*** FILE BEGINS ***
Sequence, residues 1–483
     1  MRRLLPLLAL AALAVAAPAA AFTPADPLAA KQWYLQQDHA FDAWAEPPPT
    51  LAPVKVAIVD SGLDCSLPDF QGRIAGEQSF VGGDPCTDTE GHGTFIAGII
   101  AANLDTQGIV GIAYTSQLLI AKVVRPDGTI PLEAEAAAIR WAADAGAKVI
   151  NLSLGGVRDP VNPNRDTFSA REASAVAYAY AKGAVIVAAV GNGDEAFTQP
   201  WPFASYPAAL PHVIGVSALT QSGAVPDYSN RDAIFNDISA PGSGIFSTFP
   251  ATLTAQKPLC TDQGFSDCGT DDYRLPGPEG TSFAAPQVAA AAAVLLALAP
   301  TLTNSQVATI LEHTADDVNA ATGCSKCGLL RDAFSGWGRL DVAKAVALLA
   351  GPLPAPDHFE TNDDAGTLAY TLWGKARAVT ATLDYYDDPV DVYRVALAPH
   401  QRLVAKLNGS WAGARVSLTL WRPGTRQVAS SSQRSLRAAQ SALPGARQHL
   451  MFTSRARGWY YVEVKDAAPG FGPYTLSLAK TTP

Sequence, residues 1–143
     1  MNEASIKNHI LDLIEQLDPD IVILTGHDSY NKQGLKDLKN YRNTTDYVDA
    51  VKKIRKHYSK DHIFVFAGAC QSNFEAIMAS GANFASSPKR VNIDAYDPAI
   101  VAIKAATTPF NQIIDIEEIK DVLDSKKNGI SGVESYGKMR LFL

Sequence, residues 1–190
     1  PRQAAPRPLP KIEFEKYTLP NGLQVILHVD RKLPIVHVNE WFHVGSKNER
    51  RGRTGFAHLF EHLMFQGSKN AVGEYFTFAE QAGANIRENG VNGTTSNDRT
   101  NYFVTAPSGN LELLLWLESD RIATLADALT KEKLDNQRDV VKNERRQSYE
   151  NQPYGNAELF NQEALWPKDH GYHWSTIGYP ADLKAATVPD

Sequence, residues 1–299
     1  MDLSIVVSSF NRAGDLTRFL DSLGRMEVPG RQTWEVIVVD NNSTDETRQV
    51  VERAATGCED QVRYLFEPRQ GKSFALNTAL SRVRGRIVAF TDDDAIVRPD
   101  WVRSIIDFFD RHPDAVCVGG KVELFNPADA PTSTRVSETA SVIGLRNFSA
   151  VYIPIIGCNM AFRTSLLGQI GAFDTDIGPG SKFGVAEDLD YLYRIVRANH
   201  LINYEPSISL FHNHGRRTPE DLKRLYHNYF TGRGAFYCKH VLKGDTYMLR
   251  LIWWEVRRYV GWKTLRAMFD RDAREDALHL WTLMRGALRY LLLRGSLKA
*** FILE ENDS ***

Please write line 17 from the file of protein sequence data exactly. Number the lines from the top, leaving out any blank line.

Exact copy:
     1  PRQAAPRPLP KIEFEKYTLP NGLQVILHVD RKLPIVHVNE WFHVGSKNER